Celsius föreläsning: Understanding solar energy coversion using molecular electronic materials

  • Datum: –15.00
  • Plats: Ångströmlaboratoriet Siegbahnsalen
  • Föreläsare: Jenny Nelson, Royal Society Research Professor, Physics Department, Imperial College, London
  • Webbsida
  • Arrangör: Teknisk-naturvetenskapliga fakulteten
  • Kontaktperson: Karin Thellenberg
  • Telefon: 018-471 49 47
  • Föreläsning

Jenny Nelson, Royal Society Research Professor, Physics Department, Imperial College. Denna föreläsning är en del av 2022 års Celsius-Linné föreläsningar. Föreläsningen efterföljs av ett symposium med föreläsningar av Jonathan Staaf Scragg, docent vid UU och Feng Gao, professor vid Linköpings universitet och ett panelsamtal. Hela Celsius-Linné programmet hittar ni på teknat.uu.se/celsius-linne.

Här kan du ta del av hela Celsius-Linné föreläsningsprogrammet

Program 9 februari kl. 13.00 - 15.00

13.00
Understanding solar energy coversion using molecular electronic materials
Jenny Nelson, Royal Society Research Professor, Physics Department, Imperial College, London

14.00
Does the perfect solar cell material exist?
Jonathan Staaf Scragg, Assistant Professor, Department of Materials Science and Engineering, Uppsala University

14.20
Voltage losses of organic solar cells with low energetic offsets
Feng Gao, Professor at the Department of Physics, Chemistry and Biology, Linköping University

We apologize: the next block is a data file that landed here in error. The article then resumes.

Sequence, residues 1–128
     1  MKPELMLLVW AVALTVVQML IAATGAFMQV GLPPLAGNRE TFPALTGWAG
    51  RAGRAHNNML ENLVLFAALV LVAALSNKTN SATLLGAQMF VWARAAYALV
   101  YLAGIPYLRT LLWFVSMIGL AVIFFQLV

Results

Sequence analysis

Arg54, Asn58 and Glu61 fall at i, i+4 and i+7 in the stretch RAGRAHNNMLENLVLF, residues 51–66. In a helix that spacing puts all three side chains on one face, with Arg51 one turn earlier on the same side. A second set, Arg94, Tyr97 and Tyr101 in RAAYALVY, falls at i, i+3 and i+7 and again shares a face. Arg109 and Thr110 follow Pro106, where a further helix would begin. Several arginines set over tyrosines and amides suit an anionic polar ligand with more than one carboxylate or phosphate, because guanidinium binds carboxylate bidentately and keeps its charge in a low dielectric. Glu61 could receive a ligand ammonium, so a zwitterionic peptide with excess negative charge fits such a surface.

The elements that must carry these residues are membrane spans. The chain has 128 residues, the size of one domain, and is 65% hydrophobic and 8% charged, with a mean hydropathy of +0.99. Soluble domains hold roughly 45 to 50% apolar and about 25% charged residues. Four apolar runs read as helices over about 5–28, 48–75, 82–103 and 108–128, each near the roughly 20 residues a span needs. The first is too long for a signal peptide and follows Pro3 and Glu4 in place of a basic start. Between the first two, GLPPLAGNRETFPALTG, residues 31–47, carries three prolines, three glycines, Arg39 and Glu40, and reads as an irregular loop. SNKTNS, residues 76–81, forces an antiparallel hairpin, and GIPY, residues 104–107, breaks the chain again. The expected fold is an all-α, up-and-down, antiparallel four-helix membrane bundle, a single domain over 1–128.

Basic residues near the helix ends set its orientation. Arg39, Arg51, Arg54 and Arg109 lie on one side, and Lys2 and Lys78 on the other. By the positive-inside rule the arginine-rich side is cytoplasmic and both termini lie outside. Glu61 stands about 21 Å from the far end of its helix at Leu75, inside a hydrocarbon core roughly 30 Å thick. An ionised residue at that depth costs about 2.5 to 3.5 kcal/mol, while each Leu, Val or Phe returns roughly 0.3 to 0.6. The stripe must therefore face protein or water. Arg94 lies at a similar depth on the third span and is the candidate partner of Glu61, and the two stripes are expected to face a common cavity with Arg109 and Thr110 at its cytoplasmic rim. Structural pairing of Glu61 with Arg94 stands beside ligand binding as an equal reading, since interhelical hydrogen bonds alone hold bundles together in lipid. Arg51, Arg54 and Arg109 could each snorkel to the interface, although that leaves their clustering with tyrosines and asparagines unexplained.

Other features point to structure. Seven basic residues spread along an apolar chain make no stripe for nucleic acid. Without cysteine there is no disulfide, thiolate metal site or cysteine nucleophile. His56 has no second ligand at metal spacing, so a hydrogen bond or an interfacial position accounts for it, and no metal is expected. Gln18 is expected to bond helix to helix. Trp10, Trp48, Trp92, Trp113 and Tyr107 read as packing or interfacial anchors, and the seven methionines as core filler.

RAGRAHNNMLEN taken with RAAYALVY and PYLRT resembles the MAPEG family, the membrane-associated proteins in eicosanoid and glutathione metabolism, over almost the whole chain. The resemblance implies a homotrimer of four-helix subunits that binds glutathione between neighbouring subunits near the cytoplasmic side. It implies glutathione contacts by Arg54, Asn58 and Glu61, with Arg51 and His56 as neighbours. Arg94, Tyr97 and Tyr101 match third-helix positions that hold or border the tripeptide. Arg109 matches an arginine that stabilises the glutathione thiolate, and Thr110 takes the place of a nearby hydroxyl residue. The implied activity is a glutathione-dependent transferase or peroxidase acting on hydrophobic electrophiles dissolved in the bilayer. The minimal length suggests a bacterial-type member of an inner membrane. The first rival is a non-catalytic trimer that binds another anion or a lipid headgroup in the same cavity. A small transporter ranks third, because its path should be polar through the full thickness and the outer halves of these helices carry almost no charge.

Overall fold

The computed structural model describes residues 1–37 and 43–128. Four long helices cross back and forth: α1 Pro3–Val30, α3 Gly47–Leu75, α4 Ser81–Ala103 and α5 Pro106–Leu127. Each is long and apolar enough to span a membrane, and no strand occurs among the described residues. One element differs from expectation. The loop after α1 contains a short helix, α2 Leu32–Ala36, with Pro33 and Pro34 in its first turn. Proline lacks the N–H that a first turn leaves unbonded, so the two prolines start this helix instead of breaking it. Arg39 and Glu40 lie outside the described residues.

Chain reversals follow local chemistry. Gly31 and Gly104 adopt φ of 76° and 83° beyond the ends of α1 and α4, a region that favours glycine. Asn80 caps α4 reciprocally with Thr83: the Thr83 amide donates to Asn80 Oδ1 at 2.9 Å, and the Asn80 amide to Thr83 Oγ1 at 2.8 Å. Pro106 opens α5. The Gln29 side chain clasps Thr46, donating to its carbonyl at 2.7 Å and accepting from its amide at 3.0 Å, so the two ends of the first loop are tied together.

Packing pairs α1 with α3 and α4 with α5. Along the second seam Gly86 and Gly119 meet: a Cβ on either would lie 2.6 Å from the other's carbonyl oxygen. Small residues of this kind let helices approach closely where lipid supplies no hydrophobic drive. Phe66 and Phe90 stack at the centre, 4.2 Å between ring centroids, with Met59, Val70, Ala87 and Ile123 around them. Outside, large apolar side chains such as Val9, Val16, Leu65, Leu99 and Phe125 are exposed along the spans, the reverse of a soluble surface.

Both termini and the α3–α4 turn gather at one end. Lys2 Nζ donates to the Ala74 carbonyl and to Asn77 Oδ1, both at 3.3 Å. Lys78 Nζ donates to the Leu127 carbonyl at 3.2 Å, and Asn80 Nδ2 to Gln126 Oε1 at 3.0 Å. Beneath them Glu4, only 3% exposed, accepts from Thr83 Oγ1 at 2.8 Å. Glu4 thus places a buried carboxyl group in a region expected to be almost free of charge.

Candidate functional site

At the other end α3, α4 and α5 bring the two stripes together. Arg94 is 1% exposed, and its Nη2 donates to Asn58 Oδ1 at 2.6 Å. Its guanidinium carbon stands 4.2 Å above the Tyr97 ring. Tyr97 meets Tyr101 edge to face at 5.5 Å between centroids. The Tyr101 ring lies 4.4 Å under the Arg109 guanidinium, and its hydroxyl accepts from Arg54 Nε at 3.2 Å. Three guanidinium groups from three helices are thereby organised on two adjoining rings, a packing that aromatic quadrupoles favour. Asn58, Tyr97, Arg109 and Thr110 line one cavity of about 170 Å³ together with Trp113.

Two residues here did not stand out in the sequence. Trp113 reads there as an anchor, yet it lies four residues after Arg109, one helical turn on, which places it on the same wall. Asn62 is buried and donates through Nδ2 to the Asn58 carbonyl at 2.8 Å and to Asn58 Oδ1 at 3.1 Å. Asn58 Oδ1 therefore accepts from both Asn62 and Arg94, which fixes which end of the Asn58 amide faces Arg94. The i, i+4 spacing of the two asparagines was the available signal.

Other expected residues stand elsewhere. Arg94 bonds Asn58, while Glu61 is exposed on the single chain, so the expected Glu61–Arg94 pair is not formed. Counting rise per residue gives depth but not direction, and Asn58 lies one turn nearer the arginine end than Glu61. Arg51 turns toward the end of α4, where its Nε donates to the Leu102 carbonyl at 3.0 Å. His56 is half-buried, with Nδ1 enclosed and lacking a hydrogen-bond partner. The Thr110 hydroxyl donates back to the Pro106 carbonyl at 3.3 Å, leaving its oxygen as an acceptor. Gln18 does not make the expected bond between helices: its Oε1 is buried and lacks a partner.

14.40
Panel discussion
Moderator: Charlotte Platzer Björkman, Professor in Solid State Electronics, Department of Materials Science and Engineering, Uppsala University

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Jenny Nelson
Jenny Nelson is a Royal Society Research Professor based in the Physics department at Imperial College London, where she has researched novel materials for solar energy conversion since 1989. Her current research is focussed on understanding structure-property relationships in molecular and hybrid semiconductor materials and how these relationships influence the mechanisms of solar energy conversion. This work combines basic experimental (electrical, spectroscopic and structural) measurements with simulation of materials and devices, with the aim of optimising the performance of solar cells and other devices. She also works with the Grantham Institute for Climate Change at Imperial to explore the mitigation potential of renewable energy technologies. She is an ISI Highly Cited Researcher and has published over 250 articles in peer reviewed journals, several book chapters and a book on the physics of solar cells. She holds a number of awards including the 2016 Institute of Physics Faraday medal and was elected as a Fellow of the Royal Society in 2014.